I often stay late at work.
Last year I did that a lot, and it quite likely caused a slight health problem that could have turned nasty. I don’t want that to happen again.
This isn’t caused directly by external factors. It seems to mostly be caused by something psychological, and so there’s value in understanding what that might be and learning how to tackle it. If I do nothing, I’ll probably be staying late a lot again especially as we have an important deadline coming up in April.
Today I indicated to the team that I was going to be working on a task, let’s call it “load test instrumentation”. I didn’t actually do that – firstly I found some things that needed documenting, and then I started working on a script to automate a task that we often do and happened to be needed for the load test instrumentation. This may of course not have been the right thing to do at this point. Automation can pay off in the long run, but in the short term it adds a few hours to something which would otherwise be very simple to do manually. I was conscious that I was falling into this behaviour pattern, and that doesn’t make it right necessarily but it isn’t the main focus of this post. The fact remains, what I said I’d do remains pretty much unstarted.
It’s 20:49 right now.
As I was arriving home, it occurred to me that while continuing to work from home on this task seemed to be the obvious thing to do, it wasn’t the only option. I brought up the issue of yucky paperwork in the last post, and mentioned that I thought that a more rational version of myself would be picking this up as the obvious top priority. The rational me would also not be working late at every available opportunity, given what happened last year. So there were some strong arrows pointing towards, if not tackling the paperwork head on, at least coming up with a strategy to start breaking the ice on it.
On the other hand. I did tell people at work that I’d do this and I know they’ll be sad if they don’t, and that I’ll pick up on that tomorrow. It’s possible that I’ll be able to do some catching up in the morning, since the team as a whole usually starts the day late, but the fact remains. It seems pretty useful to be aware that this is acting as a consideration in my mind: maybe that’s something which helps drive my staying late behaviour? Overpromising and then feeling I have to deliver anyway? I am not sure, but noticing when it happens seems useful.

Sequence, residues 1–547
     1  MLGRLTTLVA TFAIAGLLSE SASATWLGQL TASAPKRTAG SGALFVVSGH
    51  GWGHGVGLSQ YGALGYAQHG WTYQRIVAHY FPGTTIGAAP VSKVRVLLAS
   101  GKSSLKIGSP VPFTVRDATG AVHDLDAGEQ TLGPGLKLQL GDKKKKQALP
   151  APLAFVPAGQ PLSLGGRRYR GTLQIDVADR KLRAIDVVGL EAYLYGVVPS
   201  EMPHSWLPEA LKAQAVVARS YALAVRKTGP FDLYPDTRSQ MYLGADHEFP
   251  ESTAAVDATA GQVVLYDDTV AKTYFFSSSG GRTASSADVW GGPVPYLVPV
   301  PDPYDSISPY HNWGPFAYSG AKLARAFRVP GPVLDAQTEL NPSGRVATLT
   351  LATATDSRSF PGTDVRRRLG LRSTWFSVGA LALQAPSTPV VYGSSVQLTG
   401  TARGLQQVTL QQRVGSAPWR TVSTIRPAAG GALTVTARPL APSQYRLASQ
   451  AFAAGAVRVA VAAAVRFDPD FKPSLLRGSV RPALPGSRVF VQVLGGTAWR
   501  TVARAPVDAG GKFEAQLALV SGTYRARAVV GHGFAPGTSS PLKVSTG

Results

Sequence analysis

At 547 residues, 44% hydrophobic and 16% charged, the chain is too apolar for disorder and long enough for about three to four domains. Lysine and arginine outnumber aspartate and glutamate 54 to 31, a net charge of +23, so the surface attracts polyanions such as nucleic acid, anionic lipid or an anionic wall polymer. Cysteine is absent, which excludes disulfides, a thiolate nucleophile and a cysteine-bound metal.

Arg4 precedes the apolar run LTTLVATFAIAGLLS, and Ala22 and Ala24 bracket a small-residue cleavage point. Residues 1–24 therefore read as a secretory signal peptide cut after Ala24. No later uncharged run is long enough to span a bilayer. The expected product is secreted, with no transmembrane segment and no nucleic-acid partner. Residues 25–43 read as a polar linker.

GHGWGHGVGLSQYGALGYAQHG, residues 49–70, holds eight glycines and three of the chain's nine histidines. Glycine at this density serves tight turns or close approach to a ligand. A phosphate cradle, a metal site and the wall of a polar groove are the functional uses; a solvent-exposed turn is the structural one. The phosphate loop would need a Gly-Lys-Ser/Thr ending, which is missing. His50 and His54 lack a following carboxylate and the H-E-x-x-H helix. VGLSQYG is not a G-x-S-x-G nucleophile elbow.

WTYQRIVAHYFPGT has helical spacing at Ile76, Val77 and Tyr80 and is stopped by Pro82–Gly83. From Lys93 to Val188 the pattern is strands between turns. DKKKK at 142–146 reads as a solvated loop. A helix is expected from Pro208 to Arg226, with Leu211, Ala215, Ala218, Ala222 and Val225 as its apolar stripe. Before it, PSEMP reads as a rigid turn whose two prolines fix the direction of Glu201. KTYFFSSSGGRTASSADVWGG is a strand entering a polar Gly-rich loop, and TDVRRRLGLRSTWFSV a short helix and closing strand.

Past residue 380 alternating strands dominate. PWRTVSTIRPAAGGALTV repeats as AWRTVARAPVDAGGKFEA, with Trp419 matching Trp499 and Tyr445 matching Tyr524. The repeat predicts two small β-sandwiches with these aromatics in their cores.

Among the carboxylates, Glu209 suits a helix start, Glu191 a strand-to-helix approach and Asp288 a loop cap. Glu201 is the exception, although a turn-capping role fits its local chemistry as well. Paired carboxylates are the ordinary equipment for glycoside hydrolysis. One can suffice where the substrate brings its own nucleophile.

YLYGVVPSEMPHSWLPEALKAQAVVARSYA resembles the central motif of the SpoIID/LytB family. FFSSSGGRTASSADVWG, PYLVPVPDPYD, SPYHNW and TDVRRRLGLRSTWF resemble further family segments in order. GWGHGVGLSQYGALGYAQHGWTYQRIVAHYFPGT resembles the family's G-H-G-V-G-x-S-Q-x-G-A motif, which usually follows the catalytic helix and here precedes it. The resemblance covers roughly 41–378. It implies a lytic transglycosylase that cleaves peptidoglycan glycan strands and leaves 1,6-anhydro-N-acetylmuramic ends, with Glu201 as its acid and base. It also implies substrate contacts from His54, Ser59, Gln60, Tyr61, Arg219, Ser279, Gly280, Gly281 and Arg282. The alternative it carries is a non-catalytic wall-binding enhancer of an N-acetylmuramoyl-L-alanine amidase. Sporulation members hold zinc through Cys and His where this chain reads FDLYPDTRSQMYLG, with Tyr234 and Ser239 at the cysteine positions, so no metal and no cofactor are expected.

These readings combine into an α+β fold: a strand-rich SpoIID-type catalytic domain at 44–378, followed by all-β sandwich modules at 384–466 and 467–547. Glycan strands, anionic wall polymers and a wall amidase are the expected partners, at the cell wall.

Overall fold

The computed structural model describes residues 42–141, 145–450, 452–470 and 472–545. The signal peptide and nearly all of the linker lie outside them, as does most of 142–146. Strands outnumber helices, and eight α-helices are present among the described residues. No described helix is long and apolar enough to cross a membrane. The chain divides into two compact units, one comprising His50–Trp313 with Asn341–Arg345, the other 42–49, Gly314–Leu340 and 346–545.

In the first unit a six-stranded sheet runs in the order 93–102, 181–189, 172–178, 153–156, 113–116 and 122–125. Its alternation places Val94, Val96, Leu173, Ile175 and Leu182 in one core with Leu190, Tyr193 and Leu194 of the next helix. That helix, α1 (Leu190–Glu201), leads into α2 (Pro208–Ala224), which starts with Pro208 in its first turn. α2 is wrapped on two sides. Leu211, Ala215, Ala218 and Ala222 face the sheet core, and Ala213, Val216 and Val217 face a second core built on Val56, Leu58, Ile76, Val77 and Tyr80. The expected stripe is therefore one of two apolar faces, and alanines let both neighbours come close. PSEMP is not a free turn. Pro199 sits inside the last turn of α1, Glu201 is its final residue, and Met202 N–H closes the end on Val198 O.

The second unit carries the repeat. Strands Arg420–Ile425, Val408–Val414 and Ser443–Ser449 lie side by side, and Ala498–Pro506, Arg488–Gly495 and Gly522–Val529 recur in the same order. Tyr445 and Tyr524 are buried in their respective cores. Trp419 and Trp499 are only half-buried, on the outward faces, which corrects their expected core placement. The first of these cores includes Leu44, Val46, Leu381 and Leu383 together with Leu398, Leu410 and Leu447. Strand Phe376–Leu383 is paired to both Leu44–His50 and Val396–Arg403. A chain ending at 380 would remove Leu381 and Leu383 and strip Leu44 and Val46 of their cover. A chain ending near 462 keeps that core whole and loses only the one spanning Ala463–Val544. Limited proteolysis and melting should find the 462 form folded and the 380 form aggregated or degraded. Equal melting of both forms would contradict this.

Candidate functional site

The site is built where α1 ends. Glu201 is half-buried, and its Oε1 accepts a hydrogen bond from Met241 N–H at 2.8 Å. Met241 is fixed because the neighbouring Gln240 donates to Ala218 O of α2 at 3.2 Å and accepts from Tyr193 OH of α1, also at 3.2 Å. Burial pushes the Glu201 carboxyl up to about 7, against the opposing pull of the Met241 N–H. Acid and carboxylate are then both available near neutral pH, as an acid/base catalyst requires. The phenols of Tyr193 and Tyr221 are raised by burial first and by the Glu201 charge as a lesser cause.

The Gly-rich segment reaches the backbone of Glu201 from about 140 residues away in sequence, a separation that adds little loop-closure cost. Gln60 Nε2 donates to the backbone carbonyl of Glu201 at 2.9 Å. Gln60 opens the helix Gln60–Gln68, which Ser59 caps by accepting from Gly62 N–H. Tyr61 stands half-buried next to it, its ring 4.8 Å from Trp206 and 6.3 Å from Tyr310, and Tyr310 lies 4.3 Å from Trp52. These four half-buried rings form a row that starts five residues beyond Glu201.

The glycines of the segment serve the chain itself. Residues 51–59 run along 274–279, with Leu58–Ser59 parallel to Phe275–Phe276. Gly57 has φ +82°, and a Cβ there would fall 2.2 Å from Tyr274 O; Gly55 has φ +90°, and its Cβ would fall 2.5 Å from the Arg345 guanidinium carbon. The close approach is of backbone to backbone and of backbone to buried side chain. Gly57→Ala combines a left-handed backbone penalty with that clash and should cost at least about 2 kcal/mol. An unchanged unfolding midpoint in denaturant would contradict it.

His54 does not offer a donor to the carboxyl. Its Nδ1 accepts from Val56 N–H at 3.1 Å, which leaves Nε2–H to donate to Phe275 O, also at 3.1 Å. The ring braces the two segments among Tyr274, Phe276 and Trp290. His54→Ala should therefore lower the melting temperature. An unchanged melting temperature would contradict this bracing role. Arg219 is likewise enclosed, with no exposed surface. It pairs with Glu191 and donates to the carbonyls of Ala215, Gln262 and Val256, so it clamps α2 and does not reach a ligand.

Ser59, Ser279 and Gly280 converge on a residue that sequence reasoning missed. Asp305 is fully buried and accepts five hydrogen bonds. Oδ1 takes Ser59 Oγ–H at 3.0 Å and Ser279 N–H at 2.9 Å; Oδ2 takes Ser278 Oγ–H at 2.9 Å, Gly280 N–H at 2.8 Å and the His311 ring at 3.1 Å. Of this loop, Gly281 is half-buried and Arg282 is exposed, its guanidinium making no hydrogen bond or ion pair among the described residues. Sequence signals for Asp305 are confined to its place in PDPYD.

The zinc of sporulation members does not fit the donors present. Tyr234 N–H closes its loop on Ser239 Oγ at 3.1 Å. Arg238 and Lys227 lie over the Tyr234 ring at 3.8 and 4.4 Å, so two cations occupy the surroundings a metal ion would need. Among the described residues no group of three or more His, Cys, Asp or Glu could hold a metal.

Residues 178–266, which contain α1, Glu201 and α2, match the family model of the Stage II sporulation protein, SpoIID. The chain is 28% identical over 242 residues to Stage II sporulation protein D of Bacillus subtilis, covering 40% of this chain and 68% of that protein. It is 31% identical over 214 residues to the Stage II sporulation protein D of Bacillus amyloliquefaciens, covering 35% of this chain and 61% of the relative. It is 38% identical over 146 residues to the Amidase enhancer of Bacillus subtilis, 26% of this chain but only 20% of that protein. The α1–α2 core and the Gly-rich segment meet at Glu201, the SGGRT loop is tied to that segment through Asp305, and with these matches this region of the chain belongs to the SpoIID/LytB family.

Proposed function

It also helps with strategies. If I decide not to tackle any more work tonight, then I can say that right now on Slack and people are likely to be more understanding. If instead I avoided it without really thinking why, it might not have occurred to me to do that.
What I’ve created for myself, by explicitly introducing awareness of two competing options, is a decision point. I can feel a tug in each direction, and I just need to decide which way to go. From what I’ve said so far, you can probably guess I’m leaning more towards the “paperwork strategy” than the “load test instrumentation” option, and that’s probably right and the way that the decision will go this time. But I thought it was worth taking a note of it here just because it wasn’t what I would have done if I’d just gone ahead without thinking.
What would I have done?
It’s possible it would have been load test instrumentation. It’s what this imaginary version of myself was sitting down intending to do, after all. But intentions don’t always come to fruition, and it’s also occurred to me that there’s a tug in a third direction: messing around on Facebook.
There are some minor things happening on Facebook so it wouldn’t be a total waste of time. But I don’t really feel that it’s justified as a use of my time, especially as I had a quick peek before I left work and there didn’t seem to be anything that demanded my attention right now. In fact I closed down the tab and other distracting tabs in order to write this.
I’ve brought up before the effect when there’s two competing aversive tasks, and instead you end up doing a less aversive but significantly less valuable task, in a game which is possibly analogous to rock-paper-scissors but also possibly not.
Anyway, decision points seem a useful concept. While each decision is about something different, we probably use some of the same parts of our brain for each. Even recognizing that something is a decision can open up options that were previously hidden. And each possible choice comes with the possibility of habit formation or breaking: if you choose something that isn’t usual for you, you might find yourself doing more of that in the future.
I imagine that different people encounter decision points at different frequencies, and experience them differently. I also imagine that living examples of the sort of person I’d like to be, experience them more than I do. Generally I exhibit very little novelty-seeking behaviour, for example.
So I will tell people at work why the task isn’t done, and not try and take on any more of that tonight. I’ll see if I can leave Facebook alone, and I’ll try to tackle the annoying paperwork task in the same way that I did for the previous rather less annoying paperwork task, by thinking up some strategies, tabulating how I feel about each and then starting on it when I have a strategy I feel good about.